This thesis advances methods for performing markerless visual tracking of articulated bodies using one or two cameras. The research presented aims to improve upon existing Bayesian inspired tracking methods, by examining the ‘building blocks’ of these tracking algorithms, in particular the measurement function design, the state space selection, and local optimization methods. Results presented in this thesis show that improvements can be made in all of these areas. These improvements are applicable to a variety of Bayesian tracking algorithms.
This thesis begins by examining literature relevant to the visual tracking problem. This includes the measurement functions used by other authors, focussing on the edge detection methods used in both tracking and segmentation problems. A general overview of the global search problem is given next, as a global search is a fundamental part of a Bayesian tracking algorithm. The combination of Newton like local optimization methods and the measurement functions used in visual tracking problems is examined next, and it is shown that Newton optimizers are not ideally suited to these measurement functions. The Bayesian tracking framework is then detailed, along with a review of several existing Bayesian tracking algorithms. Finally some non Bayesian tracking algorithms are discussed.
Following the literature review, details of the models used in the experiments presented in this thesis are given. These include the articulated human body model, the camera model, image gradient metrics, self occlusion treatment, and a generic colour based region measurement method.
The use of graph based approaches for edge measurements is then investigated. Graph based methods are commonly used in image segmentation problems, however have not been applied to visual tracking problems. A novel method for performing edge measurements using the ‘shortest path’ around the object’s occluding contour is presented. Unlike in the segmentation problem, self occlusion models mean the weights or costs of some graph vertices can not be determined. Different treatments for occluded graph vertices are given and evaluated. It is shown that the graph based approach produces observational likelihoods that are more accurate and have significantly fewer local maxima than the edge measurement schemes previously used in tracking problems. While this approach is computationally more expensive than other methods, it is argued that this is offset by the reduced computational expense of the global search procedure used in tracking algorithms.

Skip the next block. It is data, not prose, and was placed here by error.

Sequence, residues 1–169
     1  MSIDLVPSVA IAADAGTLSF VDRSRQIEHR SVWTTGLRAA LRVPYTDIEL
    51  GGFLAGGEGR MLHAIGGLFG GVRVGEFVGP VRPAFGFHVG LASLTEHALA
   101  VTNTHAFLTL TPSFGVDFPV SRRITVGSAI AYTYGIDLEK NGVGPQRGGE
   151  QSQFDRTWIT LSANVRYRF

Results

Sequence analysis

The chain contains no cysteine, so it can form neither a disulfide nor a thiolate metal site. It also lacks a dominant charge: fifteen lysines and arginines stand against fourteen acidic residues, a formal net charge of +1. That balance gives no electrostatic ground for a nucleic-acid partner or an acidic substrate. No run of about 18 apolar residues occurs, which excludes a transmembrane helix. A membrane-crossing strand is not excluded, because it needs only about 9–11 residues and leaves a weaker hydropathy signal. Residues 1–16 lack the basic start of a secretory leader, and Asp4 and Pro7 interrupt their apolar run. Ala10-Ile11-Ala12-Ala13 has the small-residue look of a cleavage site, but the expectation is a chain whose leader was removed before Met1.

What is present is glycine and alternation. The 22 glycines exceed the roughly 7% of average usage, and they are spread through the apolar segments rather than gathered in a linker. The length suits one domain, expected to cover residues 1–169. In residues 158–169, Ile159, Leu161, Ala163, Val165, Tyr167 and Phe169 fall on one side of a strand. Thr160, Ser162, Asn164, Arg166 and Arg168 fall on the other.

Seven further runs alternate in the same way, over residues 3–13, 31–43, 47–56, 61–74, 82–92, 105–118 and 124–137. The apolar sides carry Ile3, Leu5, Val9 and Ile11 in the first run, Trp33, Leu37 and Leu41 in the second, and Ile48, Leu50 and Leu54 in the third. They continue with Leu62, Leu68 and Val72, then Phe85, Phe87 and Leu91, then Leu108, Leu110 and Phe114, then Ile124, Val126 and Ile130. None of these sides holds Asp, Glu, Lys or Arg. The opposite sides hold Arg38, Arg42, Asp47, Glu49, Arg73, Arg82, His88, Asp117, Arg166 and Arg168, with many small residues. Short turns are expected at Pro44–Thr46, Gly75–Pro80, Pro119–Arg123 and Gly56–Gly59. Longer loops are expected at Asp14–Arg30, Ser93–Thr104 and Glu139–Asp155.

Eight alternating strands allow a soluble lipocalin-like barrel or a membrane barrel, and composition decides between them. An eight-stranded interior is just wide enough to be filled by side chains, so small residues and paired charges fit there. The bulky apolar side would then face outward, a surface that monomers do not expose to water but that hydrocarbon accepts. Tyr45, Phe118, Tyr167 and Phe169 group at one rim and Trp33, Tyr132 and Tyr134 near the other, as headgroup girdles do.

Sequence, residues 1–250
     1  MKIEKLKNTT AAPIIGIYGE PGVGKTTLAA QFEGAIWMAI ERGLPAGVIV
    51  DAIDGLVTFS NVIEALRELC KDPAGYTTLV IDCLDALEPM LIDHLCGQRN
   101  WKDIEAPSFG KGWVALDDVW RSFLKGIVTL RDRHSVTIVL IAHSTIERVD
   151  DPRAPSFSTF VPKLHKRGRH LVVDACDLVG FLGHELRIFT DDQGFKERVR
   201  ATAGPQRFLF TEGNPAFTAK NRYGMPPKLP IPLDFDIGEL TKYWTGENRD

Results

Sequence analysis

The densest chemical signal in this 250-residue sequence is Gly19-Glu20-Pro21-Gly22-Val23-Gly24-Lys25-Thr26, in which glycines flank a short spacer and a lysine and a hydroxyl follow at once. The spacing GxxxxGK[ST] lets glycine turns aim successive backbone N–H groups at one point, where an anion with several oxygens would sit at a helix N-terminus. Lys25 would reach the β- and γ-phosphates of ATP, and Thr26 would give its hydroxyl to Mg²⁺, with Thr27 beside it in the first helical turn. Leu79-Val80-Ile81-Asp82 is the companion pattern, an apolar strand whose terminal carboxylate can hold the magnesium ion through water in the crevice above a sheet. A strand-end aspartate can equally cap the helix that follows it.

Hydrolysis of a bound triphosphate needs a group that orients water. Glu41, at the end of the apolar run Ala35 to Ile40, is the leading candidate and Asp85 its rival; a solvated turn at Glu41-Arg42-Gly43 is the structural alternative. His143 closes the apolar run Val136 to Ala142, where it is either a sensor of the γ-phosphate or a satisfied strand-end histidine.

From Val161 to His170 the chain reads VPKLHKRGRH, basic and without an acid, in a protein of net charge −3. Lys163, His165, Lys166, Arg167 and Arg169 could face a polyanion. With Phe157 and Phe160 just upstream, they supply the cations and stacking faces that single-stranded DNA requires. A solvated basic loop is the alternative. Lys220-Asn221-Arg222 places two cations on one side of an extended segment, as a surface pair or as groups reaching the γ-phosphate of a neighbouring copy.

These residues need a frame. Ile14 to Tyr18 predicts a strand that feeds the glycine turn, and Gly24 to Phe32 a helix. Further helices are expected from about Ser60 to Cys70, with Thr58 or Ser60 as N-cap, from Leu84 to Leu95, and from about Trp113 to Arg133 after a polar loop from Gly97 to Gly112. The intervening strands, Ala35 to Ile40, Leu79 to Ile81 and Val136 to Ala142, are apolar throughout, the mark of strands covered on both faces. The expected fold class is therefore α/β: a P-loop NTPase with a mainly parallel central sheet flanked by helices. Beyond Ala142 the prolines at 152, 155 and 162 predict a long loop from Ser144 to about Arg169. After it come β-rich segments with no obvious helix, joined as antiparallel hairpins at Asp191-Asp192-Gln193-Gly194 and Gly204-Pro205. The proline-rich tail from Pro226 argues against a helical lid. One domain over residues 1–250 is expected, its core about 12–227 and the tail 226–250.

The choice of state space used in the tracking problems is examined next. While most authors have used a state space based on the joint angles of the human body, a Cartesian state space based on the world coordinates of limbs is proposed. While Cartesian based state spaces have been used by other authors for representations of kinematic models, to the author’s knowledge they have not been used for full kinematic models. It is shown that that the more linear relationship between state variables in the Cartesian space and the 3D locations of sampled points on the object improves dynamic model predictions and principal component analysis. It is also shown that the Cartesian formulation also increases the linearity between state variables and the image coordinates of sampled points on the object. This in turn improves the performance of local optimization methods which make localized quadratic approximations to the measurement function. While the Cartesian based space has a higher dimensionality than the rotation based space, the geometrically plausible region of the Cartesian space has the same content (area) as the rotation space, which negates the well known ‘curse of dimensionality’. A simple method is given to project an implausible Cartesian state to a geometrically plausible state, as well as a method to dampen the measurement function curvature in these implausible directions.
Following this, a novel local optimization method is proposed. This optimization method is specific to visual tracking problems, and uses the camera geometry to infer interesting search directions. Treatments for choosing these search directions are given for both the monocular and two camera cases. A problem decomposition is also used to reduce the computational cost of the optimizer. This method is shown to outperform Newton based optimizations in a rotation based state space, and gives at worst equivalent results to a Newton based approach in a Cartesian state space, but at a significantly reduced computational cost.
Finally, tracking results are presented for a difficult image sequence using the combined ideas presented in this thesis. This sequence is a golfer performing a golf swing, which is a highly dynamic motion with large object velocities and accelerations.